Page:Popular Science Monthly Volume 75.djvu/592

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586
THE POPULAR SCIENCE MONTHLY

IMMIGRATION AND THE FUTURE AMERICAN RACE
By Dr. ALBERT ALLEMANN

ARMY MEDICAL MUSEUM, WASHINGTON, D. C.

THE people of the thirteen colonies, the builders of the American Union, were almost exclusively of the Anglo-Saxon race. The immigration which set in after the war of independence and continued during the greater part of the nineteenth century, was composed of people not dissimilar from those early colonists. They came from the British Isles, Scandinavia, Germany and the smaller Teutonic countries. But during the last twenty-five years the number of immigrants from those regions has steadily decreased and has now sunk to very small numbers, while the immigration from Italy, Hungary, Greece and Russia has increased from year to year during the same period of time, and, of late years, has assumed truly enormous proportions. Thus while the earlier immigrants were of a reasonably homogeneous race, almost entirely of Anglo-Saxon or Teutonic origin, just enough leavened with Celtic elements to quicken the phlegmatic pulse of that cold northern race, the majority of the immigrants that landed on our shores during the last quarter of a century, are quite dissimilar in their origin, language, customs and religion from the original settlers of the American Union.

It is claimed by some writers that all these various races, which are now forming the population of the United States, will, in the course of time, fuse together and produce a new and superior type of people. Other writers go still farther; they assert that the immense numbers of this later immigration will overwhelm this country and, in the course of a few generations, supplant the original stock of Anglo-Saxon and Teutonic settlers.[1] Both these views are erroneous. It is impossible, as we shall see, that a general intermixture throughout this mighty empire can take place, much less will the later immigrants be able to supplant the descendants of those sturdy pioneers who first settled the vast prairies and fertile valleys of this great republic.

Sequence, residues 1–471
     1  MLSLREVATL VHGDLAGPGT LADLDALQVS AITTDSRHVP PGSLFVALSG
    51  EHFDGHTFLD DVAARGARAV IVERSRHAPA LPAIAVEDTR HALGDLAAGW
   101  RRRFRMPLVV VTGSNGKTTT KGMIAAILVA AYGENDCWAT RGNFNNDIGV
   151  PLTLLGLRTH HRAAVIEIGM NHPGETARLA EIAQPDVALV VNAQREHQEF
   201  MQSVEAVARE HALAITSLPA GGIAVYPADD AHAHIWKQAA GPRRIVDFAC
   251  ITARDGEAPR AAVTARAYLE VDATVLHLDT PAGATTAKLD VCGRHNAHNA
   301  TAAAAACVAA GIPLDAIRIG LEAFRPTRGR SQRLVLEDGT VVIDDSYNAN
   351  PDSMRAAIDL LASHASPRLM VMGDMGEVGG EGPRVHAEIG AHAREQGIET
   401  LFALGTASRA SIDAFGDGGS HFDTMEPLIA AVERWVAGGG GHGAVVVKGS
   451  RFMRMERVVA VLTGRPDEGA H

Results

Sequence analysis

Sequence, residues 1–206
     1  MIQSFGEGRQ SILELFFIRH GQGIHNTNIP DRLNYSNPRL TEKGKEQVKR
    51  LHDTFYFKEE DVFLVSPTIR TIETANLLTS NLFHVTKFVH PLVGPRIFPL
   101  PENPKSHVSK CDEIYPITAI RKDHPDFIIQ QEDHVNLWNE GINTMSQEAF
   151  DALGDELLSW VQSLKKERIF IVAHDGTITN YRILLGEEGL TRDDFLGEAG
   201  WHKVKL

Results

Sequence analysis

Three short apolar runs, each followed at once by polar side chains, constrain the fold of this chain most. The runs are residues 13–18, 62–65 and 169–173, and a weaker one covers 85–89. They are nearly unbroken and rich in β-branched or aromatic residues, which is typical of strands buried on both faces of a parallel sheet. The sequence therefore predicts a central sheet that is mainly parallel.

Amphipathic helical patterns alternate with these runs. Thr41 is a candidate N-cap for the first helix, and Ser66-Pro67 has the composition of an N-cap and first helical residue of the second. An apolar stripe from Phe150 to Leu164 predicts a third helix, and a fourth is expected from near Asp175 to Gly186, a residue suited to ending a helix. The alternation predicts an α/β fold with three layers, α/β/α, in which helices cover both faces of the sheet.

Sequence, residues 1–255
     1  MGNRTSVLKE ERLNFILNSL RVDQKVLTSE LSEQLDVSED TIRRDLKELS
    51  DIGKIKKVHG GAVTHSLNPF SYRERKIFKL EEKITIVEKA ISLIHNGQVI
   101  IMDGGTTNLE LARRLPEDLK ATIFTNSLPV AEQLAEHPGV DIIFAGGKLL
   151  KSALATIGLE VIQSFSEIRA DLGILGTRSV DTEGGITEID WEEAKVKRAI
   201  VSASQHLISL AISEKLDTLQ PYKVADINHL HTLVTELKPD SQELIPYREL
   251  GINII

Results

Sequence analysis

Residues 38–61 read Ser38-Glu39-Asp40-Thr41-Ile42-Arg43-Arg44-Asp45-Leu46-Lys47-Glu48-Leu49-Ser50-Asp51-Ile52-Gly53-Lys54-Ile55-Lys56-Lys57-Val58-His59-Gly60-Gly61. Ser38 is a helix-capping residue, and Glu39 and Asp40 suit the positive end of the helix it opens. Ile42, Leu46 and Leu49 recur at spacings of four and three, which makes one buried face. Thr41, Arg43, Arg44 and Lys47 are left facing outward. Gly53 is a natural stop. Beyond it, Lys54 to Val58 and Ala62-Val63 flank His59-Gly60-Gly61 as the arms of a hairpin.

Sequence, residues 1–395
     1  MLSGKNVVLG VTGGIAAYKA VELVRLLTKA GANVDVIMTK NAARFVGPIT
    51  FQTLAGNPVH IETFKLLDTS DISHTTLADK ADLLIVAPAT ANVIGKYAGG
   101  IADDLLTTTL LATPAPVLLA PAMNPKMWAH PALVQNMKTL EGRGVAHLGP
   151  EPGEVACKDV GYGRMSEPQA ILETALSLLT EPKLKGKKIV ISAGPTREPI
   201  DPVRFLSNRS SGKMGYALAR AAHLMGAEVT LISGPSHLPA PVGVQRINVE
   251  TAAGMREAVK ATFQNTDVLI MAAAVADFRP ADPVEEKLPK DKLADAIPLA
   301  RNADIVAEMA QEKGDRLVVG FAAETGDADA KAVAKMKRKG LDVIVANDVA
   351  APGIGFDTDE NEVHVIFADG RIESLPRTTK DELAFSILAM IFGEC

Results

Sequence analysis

There are so many and so varied types among these later immigrants, and they are generally so much inferior to the native American

  1. "The awful tragedy, forever repeating itself, of hero nations building lordly palaces in which servant races will some day pitch their gipsy camps, will also set in in America, and the descendants of the sturdy Old English and Teutonic pioneers, a race that is said to possess the finest long-heads and the heaviest brains, will have only worked for Magyars, Slavs, Italians and Negroes." Kraus, Polit.'Anthrop. Rev., Leipz., 906-7, V., 695.